In 1873 women made several important gains. An act was passed recognizing women's eligibility to hold school offices, and immediately nine women were appointed as County Superintendent of Schools. Also in 1873 Illinois women won one of the most important legal rights for women-- equal guardianship of children after divorce. Women in Illinois also benefited from ongoing divorce law reform, and Illinois had some of most liberal laws governing divorce. Interestingly, during this period it was easier to achieve equal rights laws in other areas than it was to get votes for women. One reason is that these laws affected fewer people and were less threatening, while suffrage involved half the population, would empower women and would transform the whole structure of public decisionmaking.

A huge advance for Illinois women came in 1874 when the Women's Christian Temperance Union was formed at convention in Bloomington, Illinois. Although it began as a conservative temperance organization, it soon became a strong force for women's rights and suffrage under the leadership of Frances Willard, a founder and long-time leader of the organization. She was a strong feminist and close friend of Susan B. Anthony but had the skill of bringing moderate and conservative women into the movement. Interestingly, her statue is in the US. Capitol. Each state gets two statues, and Willard is one of our two. In 1879, the Illinois WCTU presented a woman suffrage petition to the legislature with 180,000 signatures.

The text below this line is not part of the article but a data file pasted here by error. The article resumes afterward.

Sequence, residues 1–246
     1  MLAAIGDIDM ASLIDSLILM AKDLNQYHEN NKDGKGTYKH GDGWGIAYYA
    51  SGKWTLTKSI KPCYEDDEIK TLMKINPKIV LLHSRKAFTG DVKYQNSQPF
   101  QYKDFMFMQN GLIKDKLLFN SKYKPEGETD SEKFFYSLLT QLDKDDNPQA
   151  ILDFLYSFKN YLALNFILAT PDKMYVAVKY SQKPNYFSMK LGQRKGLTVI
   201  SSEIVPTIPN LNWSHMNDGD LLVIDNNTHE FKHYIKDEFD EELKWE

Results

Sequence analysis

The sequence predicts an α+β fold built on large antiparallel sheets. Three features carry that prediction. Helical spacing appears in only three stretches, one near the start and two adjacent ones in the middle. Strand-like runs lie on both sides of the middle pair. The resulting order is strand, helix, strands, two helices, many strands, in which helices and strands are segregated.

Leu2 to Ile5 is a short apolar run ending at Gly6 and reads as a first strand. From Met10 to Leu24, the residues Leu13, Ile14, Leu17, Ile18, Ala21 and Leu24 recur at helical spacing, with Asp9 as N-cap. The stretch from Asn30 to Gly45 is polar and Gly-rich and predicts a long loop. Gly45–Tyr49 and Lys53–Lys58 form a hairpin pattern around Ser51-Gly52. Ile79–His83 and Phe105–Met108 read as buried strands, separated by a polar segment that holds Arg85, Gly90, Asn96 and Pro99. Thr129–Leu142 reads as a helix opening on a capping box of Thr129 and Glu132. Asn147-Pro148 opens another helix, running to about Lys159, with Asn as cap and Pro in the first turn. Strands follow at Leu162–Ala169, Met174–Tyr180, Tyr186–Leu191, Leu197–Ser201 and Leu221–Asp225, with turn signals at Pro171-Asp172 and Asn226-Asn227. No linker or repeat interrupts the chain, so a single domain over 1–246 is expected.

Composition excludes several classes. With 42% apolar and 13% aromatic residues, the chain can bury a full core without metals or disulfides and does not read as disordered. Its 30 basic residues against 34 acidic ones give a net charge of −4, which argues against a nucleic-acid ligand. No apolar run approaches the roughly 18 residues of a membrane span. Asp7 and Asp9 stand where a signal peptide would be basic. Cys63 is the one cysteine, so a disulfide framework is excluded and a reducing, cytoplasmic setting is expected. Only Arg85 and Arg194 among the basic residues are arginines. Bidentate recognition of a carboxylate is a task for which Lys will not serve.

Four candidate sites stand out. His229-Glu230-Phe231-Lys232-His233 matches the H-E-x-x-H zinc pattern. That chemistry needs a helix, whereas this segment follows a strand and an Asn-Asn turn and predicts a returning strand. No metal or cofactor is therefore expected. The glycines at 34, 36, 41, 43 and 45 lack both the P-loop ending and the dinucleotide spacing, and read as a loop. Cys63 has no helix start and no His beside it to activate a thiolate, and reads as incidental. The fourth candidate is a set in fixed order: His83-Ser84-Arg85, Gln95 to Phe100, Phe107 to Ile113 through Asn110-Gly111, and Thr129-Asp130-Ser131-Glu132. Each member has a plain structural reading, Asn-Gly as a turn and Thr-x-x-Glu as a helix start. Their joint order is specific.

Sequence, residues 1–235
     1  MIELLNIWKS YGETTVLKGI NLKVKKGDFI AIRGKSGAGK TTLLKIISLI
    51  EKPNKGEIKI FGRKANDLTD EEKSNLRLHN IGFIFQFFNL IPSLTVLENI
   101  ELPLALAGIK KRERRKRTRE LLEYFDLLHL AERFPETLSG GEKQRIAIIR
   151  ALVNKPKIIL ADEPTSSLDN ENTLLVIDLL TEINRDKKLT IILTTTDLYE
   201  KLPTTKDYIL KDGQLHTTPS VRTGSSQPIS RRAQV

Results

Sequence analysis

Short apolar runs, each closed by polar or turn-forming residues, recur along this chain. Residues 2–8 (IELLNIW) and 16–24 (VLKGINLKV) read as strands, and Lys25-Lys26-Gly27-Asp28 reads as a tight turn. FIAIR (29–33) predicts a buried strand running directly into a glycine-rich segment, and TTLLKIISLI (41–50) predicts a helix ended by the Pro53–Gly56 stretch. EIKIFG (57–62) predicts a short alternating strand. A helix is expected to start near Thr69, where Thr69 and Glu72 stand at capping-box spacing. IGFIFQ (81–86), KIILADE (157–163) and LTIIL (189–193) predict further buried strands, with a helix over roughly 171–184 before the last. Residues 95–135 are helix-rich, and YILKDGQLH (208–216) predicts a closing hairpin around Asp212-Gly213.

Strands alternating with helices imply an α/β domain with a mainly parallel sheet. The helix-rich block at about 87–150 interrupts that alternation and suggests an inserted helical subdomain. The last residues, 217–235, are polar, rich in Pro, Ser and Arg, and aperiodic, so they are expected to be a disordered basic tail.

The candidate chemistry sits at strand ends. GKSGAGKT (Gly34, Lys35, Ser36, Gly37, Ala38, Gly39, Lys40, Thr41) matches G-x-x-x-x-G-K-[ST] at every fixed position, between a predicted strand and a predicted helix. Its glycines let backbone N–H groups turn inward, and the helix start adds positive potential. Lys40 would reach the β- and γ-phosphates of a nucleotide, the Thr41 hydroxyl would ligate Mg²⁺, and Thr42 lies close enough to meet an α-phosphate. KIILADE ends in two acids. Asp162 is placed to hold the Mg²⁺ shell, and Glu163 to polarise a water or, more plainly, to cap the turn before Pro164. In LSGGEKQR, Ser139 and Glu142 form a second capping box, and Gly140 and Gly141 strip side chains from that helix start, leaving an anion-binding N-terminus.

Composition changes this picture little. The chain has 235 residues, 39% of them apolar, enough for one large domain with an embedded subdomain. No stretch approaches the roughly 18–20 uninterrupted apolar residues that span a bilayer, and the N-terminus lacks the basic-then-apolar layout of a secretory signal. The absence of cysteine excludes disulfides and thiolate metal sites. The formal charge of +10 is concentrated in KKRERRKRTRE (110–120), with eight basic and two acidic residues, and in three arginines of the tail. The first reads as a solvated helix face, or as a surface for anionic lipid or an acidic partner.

In the 1880's the women's club movement was organized in Illinois and nationally and transformed itself from clubs for socializing and self-improvement into a powerful force for social reform. The WCTU and the General Federation of Women's Clubs brought thousands and thousands of women into the cause of social reform and women's rights.

By 1891 the women's movement was so powerful in Illinois that an act was passed through the legislature allowing women to vote in school elections. Subsequently, Illinois Supreme Court cases allowed women to vote for and serve as University of Illinois Trustees, and in 1894 a Chicago social welfare leader, Lucy Flower, was the first woman elected by voters state-wide. The WCTU was a major proponent of the school elections bill and is probably more responsible than the Illinois Woman Suffrage Association for getting it passed due to their much larger membership.